Pairing up with our coverage on SATA drives, we are also covering the other type of drives available now, NVMe drives. They come in two form factors, add-in cards that slot into a PCIe Express port and M.2 drives that slide into your motherboards M.2 slot.
We will be mainly looking at M.2 drives since the current PCIe add-in cards are aimed at better mixed workloads, stronger encryption and higher endurance.
Samsung historically has always taken the cake for storage performance, but in the NVMe space for gamers specifically Western Digital has added a new wrinkle into the market with its “Game Mode” which prevents the drive from entering low power states (not very relevant in a desktop scenario) that would reduce latency and cut down game load times.
The drive is also within a hair of performance of Samsung drives in heavy workloads, and is about $20 cheaper for the 500GB and 1TB models compared to the Samsung 970 Evo which makes it a better buy.
The Samsung Evo 970 has been critically acclaimed by many in the storage world and is slightly faster than the WD Black in more intense workloads, though since the aim of this article is for gaming uses it takes second place due to the WD Black’s game mode and lower price which would make it a much more attractive option for gamers.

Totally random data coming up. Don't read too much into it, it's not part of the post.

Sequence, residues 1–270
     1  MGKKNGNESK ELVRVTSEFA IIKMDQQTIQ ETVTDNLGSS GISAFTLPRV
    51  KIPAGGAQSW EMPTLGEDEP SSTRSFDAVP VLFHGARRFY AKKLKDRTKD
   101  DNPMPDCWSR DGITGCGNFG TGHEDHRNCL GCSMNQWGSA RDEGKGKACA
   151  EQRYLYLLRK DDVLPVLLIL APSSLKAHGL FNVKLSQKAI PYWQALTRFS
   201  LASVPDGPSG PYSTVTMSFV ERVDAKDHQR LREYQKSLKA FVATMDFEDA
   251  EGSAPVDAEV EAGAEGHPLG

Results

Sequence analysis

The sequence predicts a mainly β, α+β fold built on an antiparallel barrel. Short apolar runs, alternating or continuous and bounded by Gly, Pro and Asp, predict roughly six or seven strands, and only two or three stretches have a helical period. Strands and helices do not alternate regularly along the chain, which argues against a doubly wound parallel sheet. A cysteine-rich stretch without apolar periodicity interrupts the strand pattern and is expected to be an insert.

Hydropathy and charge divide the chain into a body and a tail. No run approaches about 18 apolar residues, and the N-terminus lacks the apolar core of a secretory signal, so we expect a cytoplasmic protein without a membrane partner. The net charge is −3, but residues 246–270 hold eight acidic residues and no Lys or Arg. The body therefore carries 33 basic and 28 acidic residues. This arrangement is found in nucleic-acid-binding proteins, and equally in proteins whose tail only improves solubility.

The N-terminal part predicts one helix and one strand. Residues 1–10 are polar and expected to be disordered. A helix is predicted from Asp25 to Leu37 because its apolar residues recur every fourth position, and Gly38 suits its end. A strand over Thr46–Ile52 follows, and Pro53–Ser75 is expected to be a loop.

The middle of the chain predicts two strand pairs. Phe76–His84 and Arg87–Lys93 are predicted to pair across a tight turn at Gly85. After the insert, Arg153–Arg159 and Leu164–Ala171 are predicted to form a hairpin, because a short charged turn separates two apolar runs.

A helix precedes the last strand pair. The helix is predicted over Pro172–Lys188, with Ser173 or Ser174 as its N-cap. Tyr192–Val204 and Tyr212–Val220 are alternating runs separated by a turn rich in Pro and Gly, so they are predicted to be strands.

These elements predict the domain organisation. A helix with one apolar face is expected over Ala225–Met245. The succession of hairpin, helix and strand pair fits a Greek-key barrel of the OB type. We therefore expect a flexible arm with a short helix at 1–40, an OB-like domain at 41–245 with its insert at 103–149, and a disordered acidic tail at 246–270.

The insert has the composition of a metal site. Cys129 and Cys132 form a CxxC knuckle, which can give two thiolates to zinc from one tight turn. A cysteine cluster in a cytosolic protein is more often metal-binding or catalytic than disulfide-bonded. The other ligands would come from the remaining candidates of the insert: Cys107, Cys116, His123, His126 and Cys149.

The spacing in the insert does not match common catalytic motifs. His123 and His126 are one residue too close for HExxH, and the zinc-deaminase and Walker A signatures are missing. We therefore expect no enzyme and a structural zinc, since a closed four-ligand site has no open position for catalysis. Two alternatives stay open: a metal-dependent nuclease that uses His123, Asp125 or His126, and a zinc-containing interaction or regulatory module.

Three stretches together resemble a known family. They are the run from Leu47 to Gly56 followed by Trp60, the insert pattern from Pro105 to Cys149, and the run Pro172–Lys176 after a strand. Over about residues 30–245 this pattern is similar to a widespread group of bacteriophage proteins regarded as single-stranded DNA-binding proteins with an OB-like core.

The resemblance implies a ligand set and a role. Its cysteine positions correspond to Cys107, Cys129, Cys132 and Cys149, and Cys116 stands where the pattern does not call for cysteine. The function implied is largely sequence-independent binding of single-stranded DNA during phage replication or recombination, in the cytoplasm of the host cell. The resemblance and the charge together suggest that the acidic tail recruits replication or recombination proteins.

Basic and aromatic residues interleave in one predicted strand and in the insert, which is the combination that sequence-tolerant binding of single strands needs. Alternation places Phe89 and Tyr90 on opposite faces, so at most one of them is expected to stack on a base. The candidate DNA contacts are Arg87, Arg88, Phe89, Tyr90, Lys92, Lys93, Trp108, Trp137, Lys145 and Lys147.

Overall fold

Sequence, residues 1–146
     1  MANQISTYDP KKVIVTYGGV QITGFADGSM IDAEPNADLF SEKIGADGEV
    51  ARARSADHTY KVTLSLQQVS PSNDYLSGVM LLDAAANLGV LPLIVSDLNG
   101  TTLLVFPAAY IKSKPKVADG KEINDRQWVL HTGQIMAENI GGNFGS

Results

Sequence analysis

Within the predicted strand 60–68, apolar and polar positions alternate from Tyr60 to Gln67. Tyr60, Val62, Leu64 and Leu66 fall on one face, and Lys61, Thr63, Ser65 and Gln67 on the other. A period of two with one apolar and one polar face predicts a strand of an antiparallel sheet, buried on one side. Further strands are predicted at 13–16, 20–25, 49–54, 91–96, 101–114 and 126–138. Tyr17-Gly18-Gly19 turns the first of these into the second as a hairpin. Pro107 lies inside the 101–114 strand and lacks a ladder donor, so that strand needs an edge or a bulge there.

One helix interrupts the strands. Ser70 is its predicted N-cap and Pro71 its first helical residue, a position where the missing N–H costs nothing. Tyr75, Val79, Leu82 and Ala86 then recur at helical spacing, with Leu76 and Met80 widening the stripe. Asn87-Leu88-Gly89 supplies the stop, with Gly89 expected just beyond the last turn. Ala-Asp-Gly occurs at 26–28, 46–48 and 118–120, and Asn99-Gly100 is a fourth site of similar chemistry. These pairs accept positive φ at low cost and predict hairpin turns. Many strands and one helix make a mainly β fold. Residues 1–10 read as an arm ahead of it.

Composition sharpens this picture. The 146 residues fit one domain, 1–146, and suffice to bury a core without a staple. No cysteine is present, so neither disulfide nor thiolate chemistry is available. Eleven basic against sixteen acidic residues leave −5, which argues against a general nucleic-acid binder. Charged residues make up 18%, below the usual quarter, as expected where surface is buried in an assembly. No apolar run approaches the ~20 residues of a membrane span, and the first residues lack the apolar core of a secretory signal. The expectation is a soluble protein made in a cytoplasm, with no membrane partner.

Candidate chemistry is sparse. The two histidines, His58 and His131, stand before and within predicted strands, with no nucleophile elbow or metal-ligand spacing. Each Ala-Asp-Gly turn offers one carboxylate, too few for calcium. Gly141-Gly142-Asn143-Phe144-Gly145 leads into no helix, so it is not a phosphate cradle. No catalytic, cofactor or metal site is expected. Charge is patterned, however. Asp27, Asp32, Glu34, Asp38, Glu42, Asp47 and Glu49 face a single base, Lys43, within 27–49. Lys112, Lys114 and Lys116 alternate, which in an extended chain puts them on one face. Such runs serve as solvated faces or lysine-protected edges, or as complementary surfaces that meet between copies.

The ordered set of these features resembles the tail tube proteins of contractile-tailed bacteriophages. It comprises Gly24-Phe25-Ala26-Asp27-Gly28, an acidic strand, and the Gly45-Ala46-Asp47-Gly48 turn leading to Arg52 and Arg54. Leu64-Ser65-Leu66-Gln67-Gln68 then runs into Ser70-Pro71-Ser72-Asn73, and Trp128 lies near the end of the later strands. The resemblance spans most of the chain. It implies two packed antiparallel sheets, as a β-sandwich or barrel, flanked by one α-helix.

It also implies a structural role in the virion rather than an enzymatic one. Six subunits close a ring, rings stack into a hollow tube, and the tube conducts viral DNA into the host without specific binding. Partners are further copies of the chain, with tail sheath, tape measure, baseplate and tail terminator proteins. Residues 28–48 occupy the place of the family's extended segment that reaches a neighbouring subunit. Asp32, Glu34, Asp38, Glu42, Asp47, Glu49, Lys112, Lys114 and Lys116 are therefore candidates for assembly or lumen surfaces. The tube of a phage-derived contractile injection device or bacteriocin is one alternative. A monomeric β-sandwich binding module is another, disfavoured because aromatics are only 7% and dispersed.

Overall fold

The WD Blue SN500 has been recently released and is a cut down version of the SN750 Black SSD, but still retains high tier performance at a solid price point with it being under $70 for the 500GB model, though other drives with similar performance are available for a few bucks more if this drive is out of stock.
Also if you want a larger capacity drive and dont need as much speed Intel 660P is available for just under $110 for a 1TB drive and the is available for $150 for the 1TB and can compete with the higher tier Samsung and WD Black drives if your budget is tight.